The aim of the paper is a theoretical analysis of propagation of high-intensity acoustic waves throughout a bubble layer. A simple model in the form of a layer with uniformly distributed mono-size spherical bubbles is considered. The mathematical model of the pressure wave’s propagation in a bubbly liquid layer is constructed using the linear non-dissipative wave equation and assuming that oscillations of a single bubble satisfy the Rayleigh-Plesset equation. The models of the phase sound speed, changes of resonant frequency of bubbles and damping coefficients in a bubbly liquid are compared and discussed. The relations between transmitted and reflected waves and their second harmonic amplitudes are analyzed. A numerical analysis is carried out for different environmental parameters such as layer thicknesses and values of the volume fraction as well as for different parameters of generated signals. Examples of results of the numerical modeling are presented.
Source/filter models have frequently been used to model sound production of the vocal apparatus and musical instruments. Beginning in 1968, in an effort to measure the transfer function (i.e., transmission response or filter characteristic) of a trombone while being played by expert musicians, sound pressure signals from the mouthpiece and the trombone bell output were recorded in an anechoic room and then subjected to harmonic spectrum analysis. Output/input ratios of the signals’ harmonic amplitudes plotted vs. harmonic frequency then became points on the trombone’s transfer function. The first such recordings were made on analog 1/4 inch stereo magnetic tape. In 2000 digital recordings of trombone mouthpiece and anechoic output signals were made that provide a more accurate measurement of the trombone filter characteristic. Results show that the filter is a high-pass type with a cutoff frequency around 1000 Hz. Whereas the characteristic below cutoff is quite stable, above cutoff it is extremely variable, depending on level. In addition, measurements made using a swept-sine-wave system in 1972 verified the high-pass behavior, but they also showed a series of resonances whose minima correspond to the harmonic frequencies which occur under performance conditions. For frequencies below cutoff the two types of measurements corresponded well, but above cutoff there was a considerable difference. The general effect is that output harmonics above cutoff are greater than would be expected from linear filter theory, and this effect becomes stronger as input pressure increases. In the 1990s and early 2000s this nonlinear effect was verified by theory and measurements which showed that nonlinear propagation takes place in the trombone, causing a wave steepening effect at high amplitudes, thus increasing the relative strengths of the upper harmonics.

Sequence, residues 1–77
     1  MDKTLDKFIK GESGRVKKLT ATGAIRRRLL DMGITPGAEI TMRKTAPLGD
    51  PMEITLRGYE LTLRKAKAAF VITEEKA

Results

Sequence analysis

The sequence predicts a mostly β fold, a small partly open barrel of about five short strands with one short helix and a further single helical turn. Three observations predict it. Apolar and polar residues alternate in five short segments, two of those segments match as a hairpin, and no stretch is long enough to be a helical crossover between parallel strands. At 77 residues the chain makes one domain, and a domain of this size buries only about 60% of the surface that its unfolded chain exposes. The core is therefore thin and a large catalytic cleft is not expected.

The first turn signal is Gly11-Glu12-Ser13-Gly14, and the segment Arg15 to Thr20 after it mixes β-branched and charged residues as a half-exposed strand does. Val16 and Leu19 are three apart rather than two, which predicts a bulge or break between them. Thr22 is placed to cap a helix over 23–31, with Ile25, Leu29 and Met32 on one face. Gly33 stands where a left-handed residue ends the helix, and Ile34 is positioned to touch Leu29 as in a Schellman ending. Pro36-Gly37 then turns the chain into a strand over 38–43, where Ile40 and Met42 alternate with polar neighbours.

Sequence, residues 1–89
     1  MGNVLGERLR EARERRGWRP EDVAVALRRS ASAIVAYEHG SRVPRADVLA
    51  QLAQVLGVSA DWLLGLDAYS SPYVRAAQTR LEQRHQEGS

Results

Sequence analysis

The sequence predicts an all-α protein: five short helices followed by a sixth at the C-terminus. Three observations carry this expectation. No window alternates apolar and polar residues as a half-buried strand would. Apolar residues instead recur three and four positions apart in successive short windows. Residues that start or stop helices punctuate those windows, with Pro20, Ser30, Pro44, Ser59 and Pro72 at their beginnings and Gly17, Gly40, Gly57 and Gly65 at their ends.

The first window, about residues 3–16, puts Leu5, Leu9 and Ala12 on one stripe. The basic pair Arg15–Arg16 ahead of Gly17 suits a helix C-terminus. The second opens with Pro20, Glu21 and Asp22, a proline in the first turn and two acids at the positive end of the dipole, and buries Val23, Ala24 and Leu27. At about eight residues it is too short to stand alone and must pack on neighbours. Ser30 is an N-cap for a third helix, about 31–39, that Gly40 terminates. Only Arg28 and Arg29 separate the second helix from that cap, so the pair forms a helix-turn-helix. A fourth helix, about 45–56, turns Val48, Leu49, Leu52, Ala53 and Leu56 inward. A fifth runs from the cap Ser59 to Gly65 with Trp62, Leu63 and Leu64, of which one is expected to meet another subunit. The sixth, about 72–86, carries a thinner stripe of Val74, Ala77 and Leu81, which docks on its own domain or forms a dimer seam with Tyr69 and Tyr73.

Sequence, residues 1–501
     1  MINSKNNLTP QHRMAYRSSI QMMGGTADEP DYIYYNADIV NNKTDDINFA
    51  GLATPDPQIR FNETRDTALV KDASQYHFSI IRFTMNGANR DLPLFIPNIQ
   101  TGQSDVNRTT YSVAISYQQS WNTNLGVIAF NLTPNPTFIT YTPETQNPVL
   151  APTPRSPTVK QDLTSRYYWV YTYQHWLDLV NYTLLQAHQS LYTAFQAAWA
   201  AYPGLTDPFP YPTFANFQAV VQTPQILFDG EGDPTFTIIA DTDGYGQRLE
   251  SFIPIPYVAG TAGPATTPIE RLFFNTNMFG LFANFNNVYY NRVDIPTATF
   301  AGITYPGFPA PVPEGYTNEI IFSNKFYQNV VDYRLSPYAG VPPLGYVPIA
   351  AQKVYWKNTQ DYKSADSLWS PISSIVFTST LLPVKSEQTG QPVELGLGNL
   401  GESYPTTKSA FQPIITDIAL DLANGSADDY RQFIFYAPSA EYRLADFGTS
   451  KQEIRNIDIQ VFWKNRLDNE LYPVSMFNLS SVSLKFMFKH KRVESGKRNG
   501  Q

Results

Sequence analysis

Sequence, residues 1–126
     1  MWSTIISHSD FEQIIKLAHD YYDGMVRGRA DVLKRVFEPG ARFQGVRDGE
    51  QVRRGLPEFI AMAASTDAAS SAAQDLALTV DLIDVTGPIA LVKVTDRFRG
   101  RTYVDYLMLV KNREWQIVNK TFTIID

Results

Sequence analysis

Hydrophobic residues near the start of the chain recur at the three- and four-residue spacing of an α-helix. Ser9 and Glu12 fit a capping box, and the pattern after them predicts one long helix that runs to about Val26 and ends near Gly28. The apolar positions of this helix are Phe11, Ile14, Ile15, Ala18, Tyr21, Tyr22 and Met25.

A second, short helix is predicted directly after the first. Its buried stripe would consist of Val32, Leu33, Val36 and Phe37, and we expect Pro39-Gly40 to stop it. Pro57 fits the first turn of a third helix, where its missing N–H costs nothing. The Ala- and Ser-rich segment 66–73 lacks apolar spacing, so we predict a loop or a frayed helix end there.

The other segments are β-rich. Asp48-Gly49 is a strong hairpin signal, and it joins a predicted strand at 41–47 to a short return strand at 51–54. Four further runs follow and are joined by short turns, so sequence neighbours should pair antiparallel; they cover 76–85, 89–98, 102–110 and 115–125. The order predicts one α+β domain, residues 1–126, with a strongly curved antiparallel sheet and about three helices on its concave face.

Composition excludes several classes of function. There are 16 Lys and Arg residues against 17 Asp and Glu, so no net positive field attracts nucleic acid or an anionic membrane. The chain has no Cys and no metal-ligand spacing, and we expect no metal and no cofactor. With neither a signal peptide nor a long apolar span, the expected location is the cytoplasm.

Weakly nonlinear sound propagation in a gas where molecular vibrational relaxation takes place is studied. New equations which govern the sound in media where the irreversible relaxation may take place are derived and discussed. Their form depends on the regime of excitation of oscillatory degrees of freedom, equilibrium (reversible) or non-equilibrium (irreversible), and on the comparative frequency of the sound in relation to the inverse time of relaxation. Additional nonlinear terms increase standard nonlinearity of the high-frequency sound in the equilibrium regime of vibrational excitation and decrease otherwise. As for the nonlinearity of the low-frequency sound, the conclusions are opposite. Appearance of a non-oscillating additional part which is a linear function of the distance from the transducer is an unusual property of nonlinear distortions of harmonic at the transducer high-frequency sound